The SAP scan only showed a small loading of amyloid in my spleen that I had suspected due to tenderness in that area. The doctor said that it often does not show up in kidneys that have had chronic kidney disease for a prolonged time as in my case. He went through my story from the beginning and said that my symptoms were very typical including various symptoms I was unaware were associated with amyloidosis. He spent about an hour consulting with me and said I was in good shape considering I was at the top of the ladder as far as prognosis was concerned. He also said that if and when my clonal response to the treatment deteriorated, my body would be in a much better state to withstand a second round of treatment than it was when originally diagnosed. I couldn’t have hoped for a better outcome and even though it doesn’t change anything, I feel incredibly encouraged by the results and feel a lot better psychologicaly. For me it was worth the 3363 British pound cost.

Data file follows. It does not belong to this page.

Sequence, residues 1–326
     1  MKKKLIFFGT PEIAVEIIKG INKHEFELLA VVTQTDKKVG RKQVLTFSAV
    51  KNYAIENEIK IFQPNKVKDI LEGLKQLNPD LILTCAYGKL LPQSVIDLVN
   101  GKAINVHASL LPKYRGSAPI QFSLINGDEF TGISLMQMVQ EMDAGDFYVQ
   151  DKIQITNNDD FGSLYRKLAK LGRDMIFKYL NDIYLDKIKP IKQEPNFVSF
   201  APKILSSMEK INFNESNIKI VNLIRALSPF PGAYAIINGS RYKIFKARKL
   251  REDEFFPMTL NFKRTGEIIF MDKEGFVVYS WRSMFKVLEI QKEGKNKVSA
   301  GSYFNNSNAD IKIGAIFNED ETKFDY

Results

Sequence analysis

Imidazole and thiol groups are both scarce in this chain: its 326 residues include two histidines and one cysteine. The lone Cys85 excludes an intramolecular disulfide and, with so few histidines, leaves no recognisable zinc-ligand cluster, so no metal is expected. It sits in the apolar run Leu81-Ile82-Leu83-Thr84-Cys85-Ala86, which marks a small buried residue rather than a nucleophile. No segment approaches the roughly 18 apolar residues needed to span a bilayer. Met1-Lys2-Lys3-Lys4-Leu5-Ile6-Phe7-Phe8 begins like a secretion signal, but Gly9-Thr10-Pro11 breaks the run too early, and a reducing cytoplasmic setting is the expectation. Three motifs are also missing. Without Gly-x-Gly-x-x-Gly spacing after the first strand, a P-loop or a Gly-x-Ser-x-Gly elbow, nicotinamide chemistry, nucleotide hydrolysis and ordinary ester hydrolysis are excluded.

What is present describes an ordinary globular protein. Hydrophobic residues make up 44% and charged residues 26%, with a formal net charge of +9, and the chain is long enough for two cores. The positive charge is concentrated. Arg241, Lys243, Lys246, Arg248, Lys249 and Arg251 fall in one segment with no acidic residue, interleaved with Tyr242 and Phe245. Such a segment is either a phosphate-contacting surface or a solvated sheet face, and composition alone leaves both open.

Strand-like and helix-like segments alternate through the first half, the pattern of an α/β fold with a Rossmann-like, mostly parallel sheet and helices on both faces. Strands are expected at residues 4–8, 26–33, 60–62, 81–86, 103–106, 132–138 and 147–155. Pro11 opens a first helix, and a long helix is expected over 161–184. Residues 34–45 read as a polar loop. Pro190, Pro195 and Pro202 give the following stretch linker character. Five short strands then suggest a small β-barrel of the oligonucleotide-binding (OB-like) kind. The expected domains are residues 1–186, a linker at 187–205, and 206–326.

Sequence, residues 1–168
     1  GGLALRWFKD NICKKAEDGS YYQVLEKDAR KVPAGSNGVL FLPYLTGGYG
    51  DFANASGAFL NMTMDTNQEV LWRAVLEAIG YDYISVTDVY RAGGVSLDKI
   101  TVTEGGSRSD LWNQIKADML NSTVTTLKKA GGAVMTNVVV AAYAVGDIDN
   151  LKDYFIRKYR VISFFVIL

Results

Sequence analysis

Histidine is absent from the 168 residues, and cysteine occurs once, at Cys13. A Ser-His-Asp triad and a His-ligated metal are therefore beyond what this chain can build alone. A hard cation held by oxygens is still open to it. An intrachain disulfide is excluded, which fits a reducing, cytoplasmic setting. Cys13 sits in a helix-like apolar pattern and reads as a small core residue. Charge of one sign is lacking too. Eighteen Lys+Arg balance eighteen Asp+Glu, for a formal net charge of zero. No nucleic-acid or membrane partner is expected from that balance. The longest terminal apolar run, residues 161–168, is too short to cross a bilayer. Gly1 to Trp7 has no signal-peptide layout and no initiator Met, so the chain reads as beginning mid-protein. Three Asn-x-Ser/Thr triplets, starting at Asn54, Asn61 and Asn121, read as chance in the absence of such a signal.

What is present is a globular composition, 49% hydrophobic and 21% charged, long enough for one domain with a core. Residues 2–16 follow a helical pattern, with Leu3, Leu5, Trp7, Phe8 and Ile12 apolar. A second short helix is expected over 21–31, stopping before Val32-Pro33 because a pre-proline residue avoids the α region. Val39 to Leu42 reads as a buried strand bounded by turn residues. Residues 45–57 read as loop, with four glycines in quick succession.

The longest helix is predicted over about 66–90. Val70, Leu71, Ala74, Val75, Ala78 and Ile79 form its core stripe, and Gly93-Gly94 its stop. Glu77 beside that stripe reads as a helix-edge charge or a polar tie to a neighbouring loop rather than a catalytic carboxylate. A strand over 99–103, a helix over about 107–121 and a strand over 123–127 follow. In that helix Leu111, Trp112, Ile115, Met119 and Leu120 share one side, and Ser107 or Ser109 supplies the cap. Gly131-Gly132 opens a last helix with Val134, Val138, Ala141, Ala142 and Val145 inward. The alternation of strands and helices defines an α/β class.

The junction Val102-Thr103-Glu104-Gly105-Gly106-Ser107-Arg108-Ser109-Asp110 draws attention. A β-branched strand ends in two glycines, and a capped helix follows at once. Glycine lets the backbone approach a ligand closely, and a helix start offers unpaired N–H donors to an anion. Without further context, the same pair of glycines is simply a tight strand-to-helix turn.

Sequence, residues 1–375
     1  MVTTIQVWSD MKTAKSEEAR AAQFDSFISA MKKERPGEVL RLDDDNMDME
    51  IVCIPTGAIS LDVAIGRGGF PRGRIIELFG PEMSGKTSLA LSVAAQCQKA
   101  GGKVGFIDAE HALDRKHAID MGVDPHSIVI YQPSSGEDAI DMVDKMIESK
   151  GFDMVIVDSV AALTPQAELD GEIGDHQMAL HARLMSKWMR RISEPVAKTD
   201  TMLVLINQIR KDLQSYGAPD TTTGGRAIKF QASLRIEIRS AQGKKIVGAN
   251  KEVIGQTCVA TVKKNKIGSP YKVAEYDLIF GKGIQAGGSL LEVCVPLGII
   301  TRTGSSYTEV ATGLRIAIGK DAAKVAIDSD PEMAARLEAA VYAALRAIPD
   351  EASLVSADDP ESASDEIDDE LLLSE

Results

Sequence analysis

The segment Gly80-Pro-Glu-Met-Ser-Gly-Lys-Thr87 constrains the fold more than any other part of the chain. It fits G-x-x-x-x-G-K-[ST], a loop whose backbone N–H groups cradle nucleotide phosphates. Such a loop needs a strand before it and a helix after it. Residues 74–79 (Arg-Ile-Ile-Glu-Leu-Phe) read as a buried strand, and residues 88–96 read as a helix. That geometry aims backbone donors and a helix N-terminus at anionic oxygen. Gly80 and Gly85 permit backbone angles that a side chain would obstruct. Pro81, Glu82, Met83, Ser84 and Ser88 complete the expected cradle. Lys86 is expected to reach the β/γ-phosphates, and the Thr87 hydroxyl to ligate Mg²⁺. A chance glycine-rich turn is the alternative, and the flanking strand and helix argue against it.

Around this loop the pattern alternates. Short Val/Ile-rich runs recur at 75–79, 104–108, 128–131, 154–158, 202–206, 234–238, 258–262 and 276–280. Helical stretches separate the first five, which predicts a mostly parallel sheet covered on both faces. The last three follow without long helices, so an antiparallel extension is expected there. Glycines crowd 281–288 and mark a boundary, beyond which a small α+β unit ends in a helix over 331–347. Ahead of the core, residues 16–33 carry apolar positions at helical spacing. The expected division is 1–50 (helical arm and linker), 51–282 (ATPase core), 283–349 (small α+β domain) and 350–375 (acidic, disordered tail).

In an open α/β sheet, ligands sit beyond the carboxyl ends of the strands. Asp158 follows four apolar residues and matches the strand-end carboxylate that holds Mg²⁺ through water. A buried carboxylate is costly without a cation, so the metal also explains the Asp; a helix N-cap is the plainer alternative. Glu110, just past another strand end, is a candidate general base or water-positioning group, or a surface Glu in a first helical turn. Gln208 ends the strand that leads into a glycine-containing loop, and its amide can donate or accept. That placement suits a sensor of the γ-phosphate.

What I’ve learned

As I reflect on my journey over the last two and a half years, I’d like to share what questions I still have and what I have learned.

I now understand the importance of early diagnosis in the treatment of amyloidosis and I still wonder why my original echocardiograms didn’t pick up the amyloid in my heart sooner. I also wonder whether there have recently been developments in the way cardiac amyloidosis is diagnosed.

I question, as I am sure many patients do, whether there is any relationship between a person’s working environment and amyloidosis and whether any research has been done in this area.

It is so important to understand why your doctor makes particular decisions about your treatment before agreeing to go ahead with it. Be fully informed. Asking appropriate questions at the appropriate time is vital to this understanding.